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The case against six-storey wooden apartment buildings

February 1st, 2009 · 12 Comments

I’m a few days late in linking to this story, but it’s, as they say, timeless. Sean Holman at Public Eye in Victoria has taken a closer look at the provincial government’s move to change the law to allow wood-frame construction for apartment buildings up to the five- and six-storey level.

Currently, the limit is three, which is why you see so many apartment buildings of that height around the Lower Mainland. They’re cheap and easy to put up. Once a builder goes over three storeys, the current rule is that the construction has to be concrete. (Note: Tessa corrects me in her comments on this post, noting that B.C. actually allows four storeys.)

This is all academic now, since no one is building anything, but it will be relevant once things get going again. If it’s allowed at the same time that cities are under some pressure to allow greater density on sites by developers saying they need it to be able to break even in the current economy, the province could start sprouting six-storey apartments.

Thoughts from all my experts out in the industry?

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  • not running for mayor

    Most of the 4 storey building you see along arterials are wood. The bottom level is usually cement with the top floors all wood. Other cities around the world already allow all wood up to 5 stories and some 6 stories, so really we aren’t developing a new idea. There is nothing wrong with a 5 story wood frame construction in itself. The code can be adjust to ensure the construction is strong enough for earthquakes, fire resistant, and appropriate for our wet climate. The major issue will be public perception due to the leaky condo crisis here. So there won’t be a problem building them so much as a problem selling them.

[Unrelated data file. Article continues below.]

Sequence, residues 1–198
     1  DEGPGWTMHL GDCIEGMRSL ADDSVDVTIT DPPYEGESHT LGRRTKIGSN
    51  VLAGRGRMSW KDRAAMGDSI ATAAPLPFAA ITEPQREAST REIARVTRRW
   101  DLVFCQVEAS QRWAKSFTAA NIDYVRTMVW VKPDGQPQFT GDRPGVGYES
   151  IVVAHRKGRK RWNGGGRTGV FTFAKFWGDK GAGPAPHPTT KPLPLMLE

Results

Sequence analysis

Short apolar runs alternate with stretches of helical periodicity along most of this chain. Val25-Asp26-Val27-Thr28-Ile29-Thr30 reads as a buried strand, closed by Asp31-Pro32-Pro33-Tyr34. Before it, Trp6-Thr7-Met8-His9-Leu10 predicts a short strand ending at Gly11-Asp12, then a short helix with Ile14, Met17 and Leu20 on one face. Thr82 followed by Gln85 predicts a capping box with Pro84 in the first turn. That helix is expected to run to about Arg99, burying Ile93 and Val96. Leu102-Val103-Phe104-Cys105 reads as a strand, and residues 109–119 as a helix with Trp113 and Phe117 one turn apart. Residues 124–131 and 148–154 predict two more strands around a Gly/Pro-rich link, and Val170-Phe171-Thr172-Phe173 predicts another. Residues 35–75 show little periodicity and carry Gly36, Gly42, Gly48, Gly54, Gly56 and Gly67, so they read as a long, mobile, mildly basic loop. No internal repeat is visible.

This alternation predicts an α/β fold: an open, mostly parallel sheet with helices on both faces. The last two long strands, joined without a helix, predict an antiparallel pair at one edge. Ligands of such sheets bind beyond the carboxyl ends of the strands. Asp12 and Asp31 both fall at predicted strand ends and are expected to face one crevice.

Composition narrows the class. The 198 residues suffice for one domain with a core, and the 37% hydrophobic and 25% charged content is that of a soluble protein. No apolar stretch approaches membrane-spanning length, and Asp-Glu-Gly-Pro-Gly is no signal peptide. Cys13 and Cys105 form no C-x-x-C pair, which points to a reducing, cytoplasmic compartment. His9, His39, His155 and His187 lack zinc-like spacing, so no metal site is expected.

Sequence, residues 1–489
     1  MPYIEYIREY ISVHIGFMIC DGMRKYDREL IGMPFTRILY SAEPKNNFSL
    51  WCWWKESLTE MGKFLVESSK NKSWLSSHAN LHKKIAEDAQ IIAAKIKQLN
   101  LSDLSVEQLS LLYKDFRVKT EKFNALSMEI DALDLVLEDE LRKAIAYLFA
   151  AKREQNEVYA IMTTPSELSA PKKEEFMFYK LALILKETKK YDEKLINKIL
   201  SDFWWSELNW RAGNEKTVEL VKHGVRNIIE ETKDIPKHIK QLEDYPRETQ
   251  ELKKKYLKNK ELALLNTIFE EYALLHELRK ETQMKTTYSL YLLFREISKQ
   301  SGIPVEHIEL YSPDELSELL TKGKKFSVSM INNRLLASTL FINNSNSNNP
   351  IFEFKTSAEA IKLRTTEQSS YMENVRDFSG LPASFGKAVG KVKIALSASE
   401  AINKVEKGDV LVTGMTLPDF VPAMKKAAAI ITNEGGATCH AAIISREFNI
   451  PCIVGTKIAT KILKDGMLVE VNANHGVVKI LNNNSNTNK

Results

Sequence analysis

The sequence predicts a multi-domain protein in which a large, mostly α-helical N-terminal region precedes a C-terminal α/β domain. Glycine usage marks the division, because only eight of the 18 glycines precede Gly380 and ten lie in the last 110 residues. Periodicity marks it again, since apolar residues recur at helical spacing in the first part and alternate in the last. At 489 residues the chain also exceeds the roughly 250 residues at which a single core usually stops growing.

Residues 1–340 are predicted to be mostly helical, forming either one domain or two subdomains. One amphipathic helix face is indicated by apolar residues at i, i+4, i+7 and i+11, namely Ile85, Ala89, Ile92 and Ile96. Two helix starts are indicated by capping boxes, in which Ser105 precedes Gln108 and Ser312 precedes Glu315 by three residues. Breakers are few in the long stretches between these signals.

• Colton

    Not sure this is a good idea given the problems they have had in Alberta over the last decade. Edmonton (where I’ve been an urban planner for the last 6 years) has been blanketed with 5 storey wooden condos of very poor quality. I would advise no one to buy one. After numerous large, high profile condo fires in these structures and mounting structural and envelope issues The Province of Alberta has just completed a review of their building code and decided to repeal the allowance and is reverting back to no more than 4 storeys for wood. The City of Edmonton and the Emergency Response Department both opposed further allownances for 5 storey wooden buildings. BC would be better off not going down this road. Its a life- safety and cash no-go.

  • Tessa

    Correction: The current code allows for four story wood buildings is the maximum, not three, that was changed in B.C. some time ago although the code in most of the rest of the country is still three.

  • thom

    I think moving to six stories is a great idea mostly because it’s a simple and cost-effective way to increase density and in many places, create a stronger street-wall condition.

    There is certainly a way of doing wood-construction that’s not cheap and shoddy – and as long as architects, developers, builders and officials are aware and monitor the situation, things will work out very well resulting in more affordable housing and increased density – and isn’t that what we need here?

  • Marcella

    Obviously, the concerns have to be worked through. In what I have read (when I worked for Cressey….and for the record, currently I am not working for any development or real estate client) the advocates are not suggesting it would be just 5-6 storeys of wood. Most are talking about more of a hybrid model — wood and steel or wood and concrete.

    Here is an interesting report (albeit from the Canadian Wood Council) online: http://www.cwc.ca/NR/rdonlyres/5A044E73-C28D-486D-8625-42C98548C039/0/MidRisereportbyUrbanArtsl.pdf.

    I’m not really advocating for it one way or another, but I have to say I found Holman’s reporting on this very one sided. I can’t believe every engineer/architect in favour of this in the province, for example, is just wrong or a complete shill of the wood industry.